Pipevine Swallowtail

Hello Friends! Tonight’s feature image is titled “Pipevine Swallowtail 62416” and is available for purchase by following the instructions at the bottom of the article.

I am still on the hunt for a Spicebush Swallowtail. What I didn’t account for was the number of look-alikes that dwell in the Appalachian Mountains. The more that read up on the differences between the Swallowtail Butterflies the more that I’ve had to go back and check references as I sort through my photos. I have Spicebush on my property. I have taken lots of butterfly pictures. There should be at least one of the Spicebush Swallowtail. What I’ve discovered is that the majority of black and blue photos that I have are of the Pipevine Swallowtail.

The online guides all show that a major distinction between the two species is that the abdomen of the Pipevine Swallowtail is blue.

Pipevine Swallowtails get their name from the fact that they host on pipevine which is also known as Camphor Vine.

A twisted camphor vine in Kanawha County West Virginia.

As the larvae feeds on the Pipevine it sequesters certain chemicals in the vine that makes it taste horrible to predators. Or so the experts say. I’m not a bit envious of the scientists who had to test that theory. 🤢

The males are know to collect and accumulate sodium from the mud as a gift to bribe the female with. Wikipedia says that this is most common in presence of other rival males. I checked and found that I have a photo of this behavior.

I believe that this photo shows two male Pipevine Swallowtails gathering sodium from the mud while a female in the middle waits to see who has the better gift.

An insect’s nervous system is dependent on the same mineral balance as a human. But they can’t can’t really get everything they need from nectar. So butterflies and some others look for those dissolved minerals in wet places.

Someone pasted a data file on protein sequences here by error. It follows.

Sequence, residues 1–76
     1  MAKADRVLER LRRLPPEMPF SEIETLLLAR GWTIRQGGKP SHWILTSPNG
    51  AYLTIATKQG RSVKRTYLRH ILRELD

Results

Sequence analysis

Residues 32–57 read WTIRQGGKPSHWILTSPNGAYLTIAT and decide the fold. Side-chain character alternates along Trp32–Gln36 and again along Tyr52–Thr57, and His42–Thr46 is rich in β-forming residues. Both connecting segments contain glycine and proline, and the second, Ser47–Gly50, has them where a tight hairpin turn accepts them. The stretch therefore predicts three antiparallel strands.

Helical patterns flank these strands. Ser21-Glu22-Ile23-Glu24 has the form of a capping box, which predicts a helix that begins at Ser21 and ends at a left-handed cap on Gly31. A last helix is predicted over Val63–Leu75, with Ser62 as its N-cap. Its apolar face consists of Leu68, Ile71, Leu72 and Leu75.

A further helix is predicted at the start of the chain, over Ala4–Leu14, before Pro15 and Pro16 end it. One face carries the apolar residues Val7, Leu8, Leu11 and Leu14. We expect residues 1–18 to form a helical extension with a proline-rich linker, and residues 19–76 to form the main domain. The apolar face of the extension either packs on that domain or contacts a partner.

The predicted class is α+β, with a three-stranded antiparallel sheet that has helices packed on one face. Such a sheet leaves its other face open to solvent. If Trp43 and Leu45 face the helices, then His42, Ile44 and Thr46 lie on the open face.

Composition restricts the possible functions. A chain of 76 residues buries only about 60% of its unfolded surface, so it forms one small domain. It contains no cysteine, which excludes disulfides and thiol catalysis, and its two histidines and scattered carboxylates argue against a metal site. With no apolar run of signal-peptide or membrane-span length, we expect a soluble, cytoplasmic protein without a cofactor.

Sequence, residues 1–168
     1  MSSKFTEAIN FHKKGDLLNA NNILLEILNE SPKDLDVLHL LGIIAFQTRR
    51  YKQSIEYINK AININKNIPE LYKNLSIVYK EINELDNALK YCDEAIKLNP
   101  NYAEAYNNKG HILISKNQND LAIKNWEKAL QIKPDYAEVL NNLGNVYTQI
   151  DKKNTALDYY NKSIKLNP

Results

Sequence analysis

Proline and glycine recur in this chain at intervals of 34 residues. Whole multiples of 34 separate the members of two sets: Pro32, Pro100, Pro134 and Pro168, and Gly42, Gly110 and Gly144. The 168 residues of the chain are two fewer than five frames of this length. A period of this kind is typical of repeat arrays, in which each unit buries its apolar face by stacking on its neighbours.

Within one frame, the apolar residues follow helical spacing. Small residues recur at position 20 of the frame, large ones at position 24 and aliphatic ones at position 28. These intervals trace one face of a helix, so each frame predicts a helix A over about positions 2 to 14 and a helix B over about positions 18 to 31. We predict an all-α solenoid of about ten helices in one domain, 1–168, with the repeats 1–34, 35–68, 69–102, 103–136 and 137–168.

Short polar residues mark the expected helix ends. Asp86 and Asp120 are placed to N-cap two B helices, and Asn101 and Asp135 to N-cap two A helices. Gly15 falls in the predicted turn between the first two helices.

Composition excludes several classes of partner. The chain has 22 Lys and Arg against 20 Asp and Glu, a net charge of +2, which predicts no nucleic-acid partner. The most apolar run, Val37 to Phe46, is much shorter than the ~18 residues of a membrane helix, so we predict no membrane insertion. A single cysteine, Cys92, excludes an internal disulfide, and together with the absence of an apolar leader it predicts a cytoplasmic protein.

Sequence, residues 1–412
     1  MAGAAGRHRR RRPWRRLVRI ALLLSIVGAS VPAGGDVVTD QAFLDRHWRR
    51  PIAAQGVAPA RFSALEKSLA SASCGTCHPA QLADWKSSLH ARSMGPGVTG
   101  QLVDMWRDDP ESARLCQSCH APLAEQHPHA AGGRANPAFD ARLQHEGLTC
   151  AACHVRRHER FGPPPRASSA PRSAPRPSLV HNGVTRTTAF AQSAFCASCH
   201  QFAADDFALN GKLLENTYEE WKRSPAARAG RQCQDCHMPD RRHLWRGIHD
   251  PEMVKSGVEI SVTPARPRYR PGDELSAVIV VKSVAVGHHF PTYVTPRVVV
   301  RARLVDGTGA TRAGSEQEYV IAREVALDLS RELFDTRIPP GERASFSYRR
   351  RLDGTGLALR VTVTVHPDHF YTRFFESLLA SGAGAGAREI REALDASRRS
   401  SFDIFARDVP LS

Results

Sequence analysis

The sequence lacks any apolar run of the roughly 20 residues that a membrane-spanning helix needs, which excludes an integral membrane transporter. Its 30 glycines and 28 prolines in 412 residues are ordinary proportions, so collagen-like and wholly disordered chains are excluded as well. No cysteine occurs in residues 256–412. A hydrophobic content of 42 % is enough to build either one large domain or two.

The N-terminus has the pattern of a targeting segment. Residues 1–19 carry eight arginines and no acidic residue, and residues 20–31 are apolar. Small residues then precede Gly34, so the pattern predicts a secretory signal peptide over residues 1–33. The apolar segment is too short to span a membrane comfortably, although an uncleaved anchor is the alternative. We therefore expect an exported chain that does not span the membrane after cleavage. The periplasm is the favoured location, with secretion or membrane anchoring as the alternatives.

Trying to get a good shot of a butterfly has proven to be a little bit of challenge. I stepped out of the house yesterday to find a blue and black Swallowtail zooming around my yard like a jet fighter. Even using the same technique that I’ve used to photograph athletes failed to provide a positive ID on the butterfly.

This is a blue and black Swallowtail coming in low like a jet fighter but I still can’t get a positive ID on which kind.

I needed a good look at the underside of the wings. I followed the behavior pattern of this particular butterfly and noticed that it seemed to be flying a figure eight pattern as it searched for nectar. I anticipated it’s next loop and keeping my camera in burst mode I managed to get a shot in the underside of the wings.

I managed to catch the underside of the wings as the butterfly engaged in a breaking maneuver.

The angle of the sun caused the butterfly to be in it’s own shadow but I can make out a single row of dots on the underside of the wings. If this were a Spicebush Swallowtail there would be a double row. The single row of dots and the fact that at least one of the dots is blue and not orange tells me that it’s most likely to be a dark morph of the female Tiger Swallowtail.

And so the search for a Spicebush Swallowtail continues for now. I know that there’s one close by and that I just need to be in the right place at the right time to catch it.

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